Spring 2010: Of Note
Courtesy Oxford College
Oxford Plans Ahead
New science and math building, Library and Academic commons come closer to reality
By Mary J. Loftus
Known for its sense of community, excellence in undergraduate education, and historic significance as Emory’s original campus, Oxford College has long carried a deep sense of its past. But the college’s primary focus is on its future, says Dean Stephen Bowen, and plans for two new buildings—a Science and Mathematics building and a Library and Academic Commons—are leading the way.
Pierce Hall, the two-story building that houses Oxford’s Division of Natural Science and Mathematics, was built in the 1960s, before the Nobel Prize was awarded for discovering the structure of DNA.
Since then, the student body has more than doubled, and the facilities are overcrowded and out of date.
Professor of Biology Eloise Carter says Oxford’s innovative science program is designed to engage students in laboratory experiences: designing independent investigations, using green chemistry techniques, extracting and analyzing DNA, and synthesizing biofuels.
They have repurposed every available space, converting an office to a small undergraduate research space and an attached greenhouse to a field laboratory. New facilities are urgently needed, says Carter, to support twenty-first-century science.
Zoe Hicks 63Ox, who is coleading the campaign for the new science building, is determined to see the vision become a reality. “We cannot afford to lose the opportunity to continue our legacy of training students who will go into the healing arts, who will work to find a cure for some of our most dreaded diseases, and who will find ways to make our lives and our world better.”
Oxford’s science teaching facilities are something of a paradox, says Bowen. “The original designs were parsimonious, and by contemporary standards the spaces are cramped and lack basic equipment,” he says. “Despite these limitations, Oxford’s science students are often at the top of the class when they receive their Emory baccalaureate degrees. Just think what our faculty will be able to accomplish with the new building.”
Courtesy Oxford College
Likewise, Oxford’s library is housed in a 1970s building that has been adapted in makeshift ways to support the needs of students toting laptops and using dual computer screen work stations for multitasking.
Thanks to a jump-start from an alumnus donor’s estate, as well as fund-raising by the college and alumni alike, these state-of-the-art projects are moving forward.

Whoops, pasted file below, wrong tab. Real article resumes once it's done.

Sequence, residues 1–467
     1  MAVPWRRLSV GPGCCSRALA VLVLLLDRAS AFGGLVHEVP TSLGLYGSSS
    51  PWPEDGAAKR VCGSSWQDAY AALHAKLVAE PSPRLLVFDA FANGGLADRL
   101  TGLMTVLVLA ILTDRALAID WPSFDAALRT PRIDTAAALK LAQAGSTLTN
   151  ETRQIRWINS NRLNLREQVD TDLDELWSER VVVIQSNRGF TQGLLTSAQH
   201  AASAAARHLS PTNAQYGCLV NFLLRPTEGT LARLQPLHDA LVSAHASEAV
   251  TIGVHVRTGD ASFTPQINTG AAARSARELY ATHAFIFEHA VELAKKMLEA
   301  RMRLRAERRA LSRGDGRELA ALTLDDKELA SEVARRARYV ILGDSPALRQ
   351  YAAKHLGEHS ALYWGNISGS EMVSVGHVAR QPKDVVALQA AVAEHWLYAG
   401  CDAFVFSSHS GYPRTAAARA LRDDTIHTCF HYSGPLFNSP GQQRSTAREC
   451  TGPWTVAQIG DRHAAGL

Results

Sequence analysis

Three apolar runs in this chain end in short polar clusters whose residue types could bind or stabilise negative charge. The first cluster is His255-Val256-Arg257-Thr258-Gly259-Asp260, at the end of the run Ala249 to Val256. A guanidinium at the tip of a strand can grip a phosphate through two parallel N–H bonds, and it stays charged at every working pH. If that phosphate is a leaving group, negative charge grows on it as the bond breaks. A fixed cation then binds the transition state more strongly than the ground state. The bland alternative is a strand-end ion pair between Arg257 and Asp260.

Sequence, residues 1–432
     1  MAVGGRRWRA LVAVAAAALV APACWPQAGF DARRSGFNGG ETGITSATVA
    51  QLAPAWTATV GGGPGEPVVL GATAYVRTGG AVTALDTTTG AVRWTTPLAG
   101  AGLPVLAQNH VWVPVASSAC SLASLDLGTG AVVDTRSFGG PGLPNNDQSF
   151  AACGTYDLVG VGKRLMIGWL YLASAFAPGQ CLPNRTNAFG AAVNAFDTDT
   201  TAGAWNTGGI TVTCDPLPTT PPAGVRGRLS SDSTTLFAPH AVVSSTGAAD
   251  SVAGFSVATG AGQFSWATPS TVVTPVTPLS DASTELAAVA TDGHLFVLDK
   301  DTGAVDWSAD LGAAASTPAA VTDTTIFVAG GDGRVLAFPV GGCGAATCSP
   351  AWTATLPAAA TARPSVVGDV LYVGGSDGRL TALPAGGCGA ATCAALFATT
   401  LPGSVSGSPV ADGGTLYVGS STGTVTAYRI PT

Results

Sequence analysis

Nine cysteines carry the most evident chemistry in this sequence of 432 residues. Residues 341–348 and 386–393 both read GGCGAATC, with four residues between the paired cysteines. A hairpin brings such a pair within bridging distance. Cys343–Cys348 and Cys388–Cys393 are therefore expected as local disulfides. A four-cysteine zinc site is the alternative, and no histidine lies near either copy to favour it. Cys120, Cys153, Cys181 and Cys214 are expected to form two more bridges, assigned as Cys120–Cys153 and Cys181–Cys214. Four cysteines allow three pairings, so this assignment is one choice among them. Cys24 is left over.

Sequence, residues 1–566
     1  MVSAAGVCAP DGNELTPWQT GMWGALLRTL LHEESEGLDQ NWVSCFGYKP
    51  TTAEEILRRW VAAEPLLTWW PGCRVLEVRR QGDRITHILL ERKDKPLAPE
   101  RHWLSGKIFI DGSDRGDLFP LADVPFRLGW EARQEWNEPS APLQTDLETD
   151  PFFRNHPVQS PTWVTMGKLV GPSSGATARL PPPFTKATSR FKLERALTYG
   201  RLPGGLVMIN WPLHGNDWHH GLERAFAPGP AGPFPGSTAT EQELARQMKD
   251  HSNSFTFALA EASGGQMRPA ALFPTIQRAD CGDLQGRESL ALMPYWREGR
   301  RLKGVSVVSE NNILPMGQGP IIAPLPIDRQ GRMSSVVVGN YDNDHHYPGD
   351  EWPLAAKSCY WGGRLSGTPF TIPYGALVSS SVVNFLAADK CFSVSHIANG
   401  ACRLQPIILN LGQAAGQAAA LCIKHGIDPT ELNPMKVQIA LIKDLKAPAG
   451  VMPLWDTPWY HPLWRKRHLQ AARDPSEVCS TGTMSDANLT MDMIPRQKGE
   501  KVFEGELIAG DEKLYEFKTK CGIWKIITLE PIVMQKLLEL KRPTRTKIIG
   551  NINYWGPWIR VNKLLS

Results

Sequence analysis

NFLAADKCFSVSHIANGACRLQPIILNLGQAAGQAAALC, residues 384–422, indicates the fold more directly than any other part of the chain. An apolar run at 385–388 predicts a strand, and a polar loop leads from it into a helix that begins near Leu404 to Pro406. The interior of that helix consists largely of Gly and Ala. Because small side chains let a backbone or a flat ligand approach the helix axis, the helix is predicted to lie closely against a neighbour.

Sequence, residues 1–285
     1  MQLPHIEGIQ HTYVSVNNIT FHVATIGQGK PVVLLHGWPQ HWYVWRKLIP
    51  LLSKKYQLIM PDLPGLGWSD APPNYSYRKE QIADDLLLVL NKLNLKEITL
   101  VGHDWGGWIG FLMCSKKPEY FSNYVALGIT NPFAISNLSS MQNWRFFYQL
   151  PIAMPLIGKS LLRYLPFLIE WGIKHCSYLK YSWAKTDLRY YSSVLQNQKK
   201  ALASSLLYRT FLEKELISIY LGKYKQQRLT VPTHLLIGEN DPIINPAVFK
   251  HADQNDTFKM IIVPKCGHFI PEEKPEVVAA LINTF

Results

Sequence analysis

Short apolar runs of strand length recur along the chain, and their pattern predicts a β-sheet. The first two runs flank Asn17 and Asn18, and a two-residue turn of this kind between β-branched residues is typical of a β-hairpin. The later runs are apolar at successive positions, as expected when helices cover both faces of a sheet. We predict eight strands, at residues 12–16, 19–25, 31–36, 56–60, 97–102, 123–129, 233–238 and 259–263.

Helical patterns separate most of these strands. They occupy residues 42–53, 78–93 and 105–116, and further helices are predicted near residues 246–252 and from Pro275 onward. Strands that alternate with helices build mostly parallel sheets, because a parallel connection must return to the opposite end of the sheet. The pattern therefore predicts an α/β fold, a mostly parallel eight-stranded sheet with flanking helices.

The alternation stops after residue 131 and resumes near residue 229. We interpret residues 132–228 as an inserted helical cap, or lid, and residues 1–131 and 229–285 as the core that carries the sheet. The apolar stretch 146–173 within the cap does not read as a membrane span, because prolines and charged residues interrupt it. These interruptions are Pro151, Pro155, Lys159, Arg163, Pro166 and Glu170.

The Charles Edwin Suber Foundation, established by the estate of Charles Edwin Suber 42Ox, donated $3.35 million to Oxford last year. Bowen says the college will use $100,000 to establish a scholarship in Suber’s name, and the remaining $3.25 million is pledged to the building projects.
Carter led the team charged with developing the concept for the new science building and is currently completing the feasibility study with architects Einhorn, Yaffee, and Prescott, known for their design of undergraduate science facilities. The college has raised about $20.5 million, including the Suber gift, toward its $30 million goal.
The environmentally sustainable building, designed to be LEED-certified, will support the needs of undergraduate sciences including chemistry, biology, physics, astronomy, geology, and mathematics. In addition to well-designed classrooms and labs with modern instrumentation and double the number of fume hoods, the new building will offer ample space for faculty and student collaborations.
“Everything about this building is going to be supportive of Oxford’s teaching mission,” Bowen says. “We have a real focus on students engaging in the scientific process so that they learn to think like scientists.”
Oxford’s library staff has been modernizing the existing library program for years, developing digital resources, teaching computer research skills, and creating a virtual presence on the web.
“We don’t just bring students in during orientation and give them a crash course on research methods,” says Librarian Kitty McNeill. “We work with faculty to fully integrate these methods into every course. Students leave here knowing how to critically evaluate information.”
The library serves an average of 750 students a day and its peak time is 10:00 p.m. And librarians no longer shush students. “You can talk and camp out. We even have vending machines. During finals, we’ll put out snacks, hot chocolate, and coffee,” McNeill says. “It’s a fun place to get together.”
Still, the need for a new space is great, she says, and the library team soon will be launching a proof-of-concept study and demonstration project on the first floor—a working model of the learning environment that will be at the heart of the new Library and Academic Commons. This renovated area will have teaching, research, and collaborative spaces with finishes, furniture, and equipment that will be used in the new building.
In the meantime, because of the transformation of the library into a digital commons and dynamic gathering spot, students who desire a more traditional study environment can go next door to Phi Gamma Hall, which has 24/7 swipe-card access for quiet reading and wireless Internet.
Hugh Tarbutton Jr. 84Ox, who is leading the drive for the new Library and Academic Commons, says the needs of students today are vastly different than during his time at the college. “Advances in technology and study habits need to be reflected in how we design our new library,” he says. “It’s all about progress— progress for the college, which affords progress for the students and faculty.”